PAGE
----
The choices are so big and so urgent that they go beyond electoral politics into profound issues of society, culture, religion, and spirituality. Yet they include crucial choices in electoral politics, which did not end in 2020.  Indeed, even elections and who votes in them are shaped by deep spirituality.

I will come back to that. But let me look at elections themselves, from now till 2024:


  • 1. Unless the US Senate filibuster rule is ended, at least for bills concerning voting rights, there is no way to pass the For the People bill and the John Lewis bill to reawaken and transform the Voting Rights Act of 1965.

  • 2. Unless those bills are passed, there is no way to prevent the passage of laws in at least a dozen states that cut deeply into the voting ability of Black, Latinx, and college-student communities.

  • 3. If those state laws to restrict and suppress the vote are passed, it is likely the House and Senate in 2022 and the Presidency in 2024, will be won by right-wing politicians who will renew their destruction of the world by the burning of fossil fuels and the elimination of American democracy. They will install instead an ethnic hierarchy topped by extreme wealth and corporate control, ready to use violence to suppress opposition. The voting regime of Jim Crow 2.0, and worse.
  • 4. Therefore, there is an immediate urgent goal not only of secular progressives and the prophetic religious and those deeply rooted in the Spirit; but also small-r republicans who are committed, in Benjamin Franklin's words, to “a republic, if you can keep it”; and small-d democrats who are committed, in Abraham Lincoln’s words, to government “of the people, by the people, for the people – the whole people of all colors and ethnic origins and genders and sexualities and religions and incomes.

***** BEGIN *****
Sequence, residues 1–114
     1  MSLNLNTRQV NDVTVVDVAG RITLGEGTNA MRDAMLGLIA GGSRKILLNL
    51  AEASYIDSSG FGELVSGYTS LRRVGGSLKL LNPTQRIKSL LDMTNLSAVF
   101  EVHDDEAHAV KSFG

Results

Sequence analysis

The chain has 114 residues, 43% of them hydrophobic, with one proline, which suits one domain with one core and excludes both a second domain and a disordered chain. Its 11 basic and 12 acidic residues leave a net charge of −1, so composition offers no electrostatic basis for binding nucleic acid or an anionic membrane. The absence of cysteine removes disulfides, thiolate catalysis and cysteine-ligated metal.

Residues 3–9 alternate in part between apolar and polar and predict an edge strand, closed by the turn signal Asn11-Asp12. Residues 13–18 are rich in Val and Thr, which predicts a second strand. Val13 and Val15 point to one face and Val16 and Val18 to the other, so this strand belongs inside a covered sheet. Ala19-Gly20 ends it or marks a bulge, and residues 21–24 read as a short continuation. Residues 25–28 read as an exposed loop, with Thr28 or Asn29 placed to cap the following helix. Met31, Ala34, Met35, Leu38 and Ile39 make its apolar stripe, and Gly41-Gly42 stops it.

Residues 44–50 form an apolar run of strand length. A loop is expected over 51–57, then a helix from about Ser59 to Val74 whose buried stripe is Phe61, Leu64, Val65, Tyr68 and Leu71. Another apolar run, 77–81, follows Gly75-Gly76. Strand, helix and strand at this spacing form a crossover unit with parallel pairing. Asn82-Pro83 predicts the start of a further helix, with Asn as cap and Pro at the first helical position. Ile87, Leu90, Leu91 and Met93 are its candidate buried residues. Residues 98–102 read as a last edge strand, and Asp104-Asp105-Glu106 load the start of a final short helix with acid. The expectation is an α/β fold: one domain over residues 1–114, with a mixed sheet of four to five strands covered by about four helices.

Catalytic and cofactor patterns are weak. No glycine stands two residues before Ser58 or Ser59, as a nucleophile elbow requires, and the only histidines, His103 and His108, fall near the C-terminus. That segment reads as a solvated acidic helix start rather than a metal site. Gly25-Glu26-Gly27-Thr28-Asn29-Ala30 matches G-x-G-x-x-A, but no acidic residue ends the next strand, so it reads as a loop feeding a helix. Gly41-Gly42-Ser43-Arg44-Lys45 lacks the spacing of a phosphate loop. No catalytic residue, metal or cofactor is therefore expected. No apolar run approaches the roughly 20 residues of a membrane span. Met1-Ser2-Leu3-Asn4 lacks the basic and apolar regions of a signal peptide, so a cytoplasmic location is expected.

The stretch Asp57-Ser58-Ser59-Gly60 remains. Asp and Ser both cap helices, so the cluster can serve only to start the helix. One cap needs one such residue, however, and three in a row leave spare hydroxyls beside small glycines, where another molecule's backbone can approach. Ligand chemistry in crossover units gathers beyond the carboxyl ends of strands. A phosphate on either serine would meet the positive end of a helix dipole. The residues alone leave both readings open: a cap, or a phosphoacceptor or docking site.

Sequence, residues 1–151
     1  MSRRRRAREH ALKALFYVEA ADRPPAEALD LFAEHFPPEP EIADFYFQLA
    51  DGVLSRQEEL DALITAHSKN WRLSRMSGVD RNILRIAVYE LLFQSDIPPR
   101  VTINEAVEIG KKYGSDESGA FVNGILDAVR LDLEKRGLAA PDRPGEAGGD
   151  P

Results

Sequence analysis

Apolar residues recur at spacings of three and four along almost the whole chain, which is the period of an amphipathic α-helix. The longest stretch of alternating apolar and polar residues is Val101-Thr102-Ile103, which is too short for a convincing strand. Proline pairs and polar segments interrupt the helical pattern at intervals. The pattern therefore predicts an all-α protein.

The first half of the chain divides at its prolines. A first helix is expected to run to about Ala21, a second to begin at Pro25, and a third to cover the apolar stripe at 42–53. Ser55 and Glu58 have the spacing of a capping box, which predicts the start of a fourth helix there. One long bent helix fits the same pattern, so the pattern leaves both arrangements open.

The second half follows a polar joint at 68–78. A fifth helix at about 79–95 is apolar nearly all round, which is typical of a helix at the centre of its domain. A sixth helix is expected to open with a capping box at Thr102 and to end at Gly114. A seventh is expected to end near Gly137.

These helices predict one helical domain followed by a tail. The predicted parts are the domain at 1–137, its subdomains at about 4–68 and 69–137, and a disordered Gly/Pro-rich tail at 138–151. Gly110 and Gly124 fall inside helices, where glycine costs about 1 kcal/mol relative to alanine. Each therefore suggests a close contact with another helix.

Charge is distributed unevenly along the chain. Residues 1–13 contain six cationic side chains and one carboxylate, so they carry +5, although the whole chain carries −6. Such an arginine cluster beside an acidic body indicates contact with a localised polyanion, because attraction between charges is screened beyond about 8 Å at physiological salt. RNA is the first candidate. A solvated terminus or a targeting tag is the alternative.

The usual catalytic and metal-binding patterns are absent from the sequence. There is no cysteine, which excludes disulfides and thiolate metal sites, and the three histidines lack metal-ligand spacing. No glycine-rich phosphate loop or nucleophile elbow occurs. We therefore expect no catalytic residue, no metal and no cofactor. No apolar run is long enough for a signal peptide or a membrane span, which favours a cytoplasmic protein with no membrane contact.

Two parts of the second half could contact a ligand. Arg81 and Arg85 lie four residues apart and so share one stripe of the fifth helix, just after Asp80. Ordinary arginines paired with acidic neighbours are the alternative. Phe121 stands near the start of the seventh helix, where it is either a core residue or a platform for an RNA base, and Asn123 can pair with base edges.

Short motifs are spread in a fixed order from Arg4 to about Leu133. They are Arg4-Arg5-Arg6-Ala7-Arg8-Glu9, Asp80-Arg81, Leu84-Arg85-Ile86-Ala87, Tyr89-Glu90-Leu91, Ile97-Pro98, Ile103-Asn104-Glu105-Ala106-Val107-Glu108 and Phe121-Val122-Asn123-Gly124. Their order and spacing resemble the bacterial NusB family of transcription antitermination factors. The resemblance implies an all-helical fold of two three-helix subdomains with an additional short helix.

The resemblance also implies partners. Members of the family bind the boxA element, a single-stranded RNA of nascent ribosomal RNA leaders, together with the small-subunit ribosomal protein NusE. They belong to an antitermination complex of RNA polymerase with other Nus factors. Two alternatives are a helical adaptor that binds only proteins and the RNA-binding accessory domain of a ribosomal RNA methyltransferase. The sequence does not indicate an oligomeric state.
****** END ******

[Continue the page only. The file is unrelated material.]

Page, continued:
• 5. The immediate goal is abolition of the filibuster, at least in regard to bills embodying voting rights.


  • 6. And there is one substantive bill that may seem miniscule compared to this overarching decision about democracy, but which I think is intrinsically connected. That is the campaign for Thirty Million Solar Homes, with a special effort to provide strong federal grants to neighborhood co-ops in rural and small town and hollowed-out former industrial working-class cities as well as marginalized Black, Hispanic, and Indigenous neighborhoods. What is so special about that campaign?

  •        We cannot heal our Earth if 51% of Americans believe the climate crisis a lethal threat, and 49% think it is a hoax. Solar/ wind neighborhood co-ops in “red” America could break through the official rejection of renewable energy and the whole notion that climate crisis is a hoax that is held by about half the national elected officials.  That is one place where Spirit and Polling Booth, neighborhood and planet, connect.

  • This coverage of ALL marginalized Americans is crucial ethically and as effective politics. Those who oppose renewable energy as long as it is only ink on paper will come to support it when it is money in the bank and good jobs on the local newspaper’s front page.  (That is what saved Obamacare.)

  • 7. After these two efforts, the next major campaign must be to affect the Congressional elections in 2022 to make the passage of voting-rights bills possible. That will be extremely difficult, if the electorate has been hobbled and suppressed.

What is at stake here? The profound spiritual question:  Do “governments derive their just powers from the consent of the governed,” or only some select part of them? Our oldest, deepest wisdom says: The whole people must be fully present at crucial moments of their history, their future.